The Humility of “O Holy Night”
The event referred to in this greatest of all-time carol is the birth of the Messiah. Here is a song about the redemption of humanity, always a chart-topper during the Holidays. Poet and wine merchant Placide Cappeau wrote the French original of “O Holy Night”. In 1843, a pillar in his hometown Roquemaure, he was requested to write a Christmas poem to celebrate the new renovation of the organ in his parish. Cappeau wrote, “Minuit, chrétiens” (“Midnight, Christians”) as requested. Cappeau was friends with some of the best writers in France, like Mistral, Roumanille, Daudet and de Lamartine. The composer of the music of “O Holy Night”, Adolphe Adam called Cappeau’s work “la Marseillaise religieuse” (The religious Marseillaise), referring to the spirit of Cappeau’s original poem.
Now, the music composed by Adam for “O Holy Night” was heard for the very first time in that church in Roquemaure as sung by the opera singer Emily Laurey. Adam was already famous at the time for his operas and ballets. He composed the music for “Giselle”. This could be why “O Holy Night” has been a must for Christmas plays since it’s got the recommended dose of drama and splendor that translates well onstage. It is also recommended for solo, choir, and congregational performance. But even in the bare piano (Largo tempo) instrumental, “O Holy Night” has a stillness from start to finish which mirrors the darkness of night. Christ’s birth was enveloped by still darkness. But it sounds miraculously reverent. Adam’s “O Holy Night” became one of his most popular works. Note that at this point in the story, everything’s still French.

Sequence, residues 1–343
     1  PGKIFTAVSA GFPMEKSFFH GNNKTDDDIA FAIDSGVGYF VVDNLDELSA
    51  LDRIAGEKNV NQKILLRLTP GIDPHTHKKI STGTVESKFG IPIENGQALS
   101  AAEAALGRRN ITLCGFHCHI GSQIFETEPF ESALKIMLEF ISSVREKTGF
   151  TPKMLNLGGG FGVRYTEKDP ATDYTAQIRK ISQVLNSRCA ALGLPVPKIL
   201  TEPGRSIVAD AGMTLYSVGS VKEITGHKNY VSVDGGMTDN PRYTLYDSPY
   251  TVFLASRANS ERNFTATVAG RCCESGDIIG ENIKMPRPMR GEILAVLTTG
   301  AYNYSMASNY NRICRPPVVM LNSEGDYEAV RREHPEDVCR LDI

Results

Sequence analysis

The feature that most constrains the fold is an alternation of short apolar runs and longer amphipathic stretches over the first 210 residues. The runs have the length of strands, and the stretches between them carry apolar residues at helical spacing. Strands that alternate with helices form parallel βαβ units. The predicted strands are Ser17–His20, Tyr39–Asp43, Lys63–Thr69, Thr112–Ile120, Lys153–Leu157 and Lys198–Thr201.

American Harvard graduate and teacher John Sullivan Dwight founded Dwight’s Journal of Music which shaped America’s taste for European classical music. He translated the French lyrics of “O Holy Night” into English in 1855, which is what we sing today as we humbly think on the Messiah. Never mind the pop versions sung with generous trills by Mariah Carrey, Josh Groban, and Celine Dion.